Quantifying cell densities and biovolumes of phytoplankton communities and functional groups using scanning flow cytometry, machine learning and unsupervised clustering

Mridul K. Thomas*, Simone Fontana, Marta Reyes, Francesco Pomati, Connie Lovejoy (Editor)

*Corresponding author for this work

Research output: Contribution to journalJournal articleResearchpeer-review

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Abstract

Scanning flow cytometry (SFCM) is characterized by the measurement of time-resolved pulses of fluorescence and scattering, enabling the high-throughput quantification of phytoplankton morphology and pigmentation. Quantifying variation at the single cell and colony level improves our ability to understand dynamics in natural communities. Automated high-frequency monitoring of these communities is presently limited by the absence of repeatable, rapid protocols to analyse SFCM datasets, where images of individual particles are not available. Here we demonstrate a repeatable, semi-automated method to (1) rapidly clean SFCM data from a phytoplankton community by removing signals that do not belong to live phytoplankton cells, (2) classify individual cells into trait clusters that correspond to functional groups, and (3) quantify the biovolumes of individual cells, the total biovolume of the whole community and the total biovolumes of the major functional groups. Our method involves the development of training datasets using lab cultures, the use of an unsupervised clustering algorithm to identify trait clusters, and machine learning tools (random forests) to (1) evaluate variable importance, (2) classify data points, and (3) estimate biovolumes of individual cells. We provide example datasets and R code for our analytical approach that can be adapted for analysis of datasets from other flow cytometers or scanning flow cytometers.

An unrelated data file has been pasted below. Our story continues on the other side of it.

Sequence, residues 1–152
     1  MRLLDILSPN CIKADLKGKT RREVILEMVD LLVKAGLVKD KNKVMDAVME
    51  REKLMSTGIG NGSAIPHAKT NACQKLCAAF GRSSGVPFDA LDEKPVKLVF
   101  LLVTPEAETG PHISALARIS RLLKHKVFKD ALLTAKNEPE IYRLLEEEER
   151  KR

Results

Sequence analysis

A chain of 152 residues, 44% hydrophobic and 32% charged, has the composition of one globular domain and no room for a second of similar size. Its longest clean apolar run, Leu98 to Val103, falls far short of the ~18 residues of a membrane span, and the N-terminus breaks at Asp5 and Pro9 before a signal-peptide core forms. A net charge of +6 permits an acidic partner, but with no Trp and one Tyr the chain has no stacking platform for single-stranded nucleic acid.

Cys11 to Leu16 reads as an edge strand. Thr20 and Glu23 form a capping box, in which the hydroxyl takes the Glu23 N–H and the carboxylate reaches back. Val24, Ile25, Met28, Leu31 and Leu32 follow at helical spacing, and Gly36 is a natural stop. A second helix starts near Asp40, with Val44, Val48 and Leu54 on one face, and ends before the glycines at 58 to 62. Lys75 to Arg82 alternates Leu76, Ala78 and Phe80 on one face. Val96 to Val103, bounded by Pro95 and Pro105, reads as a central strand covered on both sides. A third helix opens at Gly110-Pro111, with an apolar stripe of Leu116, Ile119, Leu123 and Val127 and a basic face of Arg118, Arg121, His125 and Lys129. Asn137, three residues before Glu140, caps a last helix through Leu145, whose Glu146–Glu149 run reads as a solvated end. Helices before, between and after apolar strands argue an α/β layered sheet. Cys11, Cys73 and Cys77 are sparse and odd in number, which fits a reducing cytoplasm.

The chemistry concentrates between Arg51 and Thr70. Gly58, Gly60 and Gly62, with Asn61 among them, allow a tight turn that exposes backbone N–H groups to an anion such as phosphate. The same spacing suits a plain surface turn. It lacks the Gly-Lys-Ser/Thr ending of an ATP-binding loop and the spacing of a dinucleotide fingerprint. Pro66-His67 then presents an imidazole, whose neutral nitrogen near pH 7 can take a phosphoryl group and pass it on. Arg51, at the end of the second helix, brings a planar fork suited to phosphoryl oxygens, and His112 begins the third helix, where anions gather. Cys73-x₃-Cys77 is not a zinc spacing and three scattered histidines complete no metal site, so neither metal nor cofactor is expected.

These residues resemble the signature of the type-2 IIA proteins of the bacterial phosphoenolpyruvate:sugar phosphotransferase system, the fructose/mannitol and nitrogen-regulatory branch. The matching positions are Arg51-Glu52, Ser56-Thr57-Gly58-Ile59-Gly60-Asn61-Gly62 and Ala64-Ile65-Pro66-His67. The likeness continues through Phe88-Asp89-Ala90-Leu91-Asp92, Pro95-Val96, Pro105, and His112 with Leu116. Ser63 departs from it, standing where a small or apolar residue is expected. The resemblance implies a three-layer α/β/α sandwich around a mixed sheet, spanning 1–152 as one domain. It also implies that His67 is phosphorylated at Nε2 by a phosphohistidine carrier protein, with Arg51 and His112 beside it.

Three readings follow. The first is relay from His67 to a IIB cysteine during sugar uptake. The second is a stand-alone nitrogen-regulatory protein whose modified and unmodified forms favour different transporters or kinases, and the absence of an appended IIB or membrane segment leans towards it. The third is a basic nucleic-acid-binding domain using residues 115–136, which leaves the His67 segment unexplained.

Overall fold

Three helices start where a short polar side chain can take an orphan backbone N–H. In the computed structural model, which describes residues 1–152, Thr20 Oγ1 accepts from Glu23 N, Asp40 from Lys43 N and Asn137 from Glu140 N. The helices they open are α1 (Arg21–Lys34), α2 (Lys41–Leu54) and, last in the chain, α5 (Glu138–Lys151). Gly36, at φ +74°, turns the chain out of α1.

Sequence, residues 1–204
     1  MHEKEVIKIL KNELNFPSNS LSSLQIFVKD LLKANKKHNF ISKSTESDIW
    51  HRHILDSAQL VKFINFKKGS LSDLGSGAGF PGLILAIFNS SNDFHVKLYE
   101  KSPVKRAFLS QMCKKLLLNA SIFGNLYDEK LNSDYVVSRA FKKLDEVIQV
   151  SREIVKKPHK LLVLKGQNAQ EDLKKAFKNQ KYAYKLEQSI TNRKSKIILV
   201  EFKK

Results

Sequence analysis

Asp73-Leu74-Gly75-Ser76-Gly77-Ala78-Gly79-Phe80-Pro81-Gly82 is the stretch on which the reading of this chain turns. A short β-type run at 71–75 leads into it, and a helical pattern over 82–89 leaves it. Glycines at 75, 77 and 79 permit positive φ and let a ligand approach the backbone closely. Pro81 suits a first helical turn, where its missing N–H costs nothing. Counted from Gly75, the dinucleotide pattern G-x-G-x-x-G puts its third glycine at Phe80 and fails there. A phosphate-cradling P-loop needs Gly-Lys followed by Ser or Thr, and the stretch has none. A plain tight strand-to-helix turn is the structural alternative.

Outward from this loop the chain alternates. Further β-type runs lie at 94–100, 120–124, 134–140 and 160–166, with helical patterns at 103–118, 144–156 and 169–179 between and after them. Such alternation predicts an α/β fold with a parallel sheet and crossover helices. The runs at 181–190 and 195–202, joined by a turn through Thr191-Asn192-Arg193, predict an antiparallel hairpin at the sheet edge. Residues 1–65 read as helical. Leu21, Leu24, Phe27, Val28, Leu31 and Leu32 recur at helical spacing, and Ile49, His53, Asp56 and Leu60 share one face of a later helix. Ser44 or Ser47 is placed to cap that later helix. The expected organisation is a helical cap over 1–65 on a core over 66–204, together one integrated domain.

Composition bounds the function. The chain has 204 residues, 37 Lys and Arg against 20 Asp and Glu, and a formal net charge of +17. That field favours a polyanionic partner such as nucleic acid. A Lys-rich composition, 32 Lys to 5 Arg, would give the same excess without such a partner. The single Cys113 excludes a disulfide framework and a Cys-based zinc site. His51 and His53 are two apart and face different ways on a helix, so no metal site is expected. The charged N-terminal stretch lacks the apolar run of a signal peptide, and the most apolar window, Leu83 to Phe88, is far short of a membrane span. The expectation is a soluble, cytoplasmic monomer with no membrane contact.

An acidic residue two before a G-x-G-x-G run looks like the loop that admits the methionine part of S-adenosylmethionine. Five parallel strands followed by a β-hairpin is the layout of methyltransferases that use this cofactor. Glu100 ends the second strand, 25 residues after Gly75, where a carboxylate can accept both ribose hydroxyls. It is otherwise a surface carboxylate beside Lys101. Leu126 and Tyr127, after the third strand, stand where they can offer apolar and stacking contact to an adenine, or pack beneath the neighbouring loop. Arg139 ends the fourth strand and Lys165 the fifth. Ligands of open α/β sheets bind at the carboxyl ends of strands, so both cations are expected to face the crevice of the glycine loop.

Original languageEnglish
Article numbere0196225
JournalP L o S One
Volume13
Issue number5
ISSN1932-6203
DOIs
Publication statusPublished - 2018

Keywords

  • MULTIDISCIPLINARY
  • NEURAL-NETWORK ANALYSIS
  • IDENTIFICATION
  • ECOLOGY
  • TRAITS

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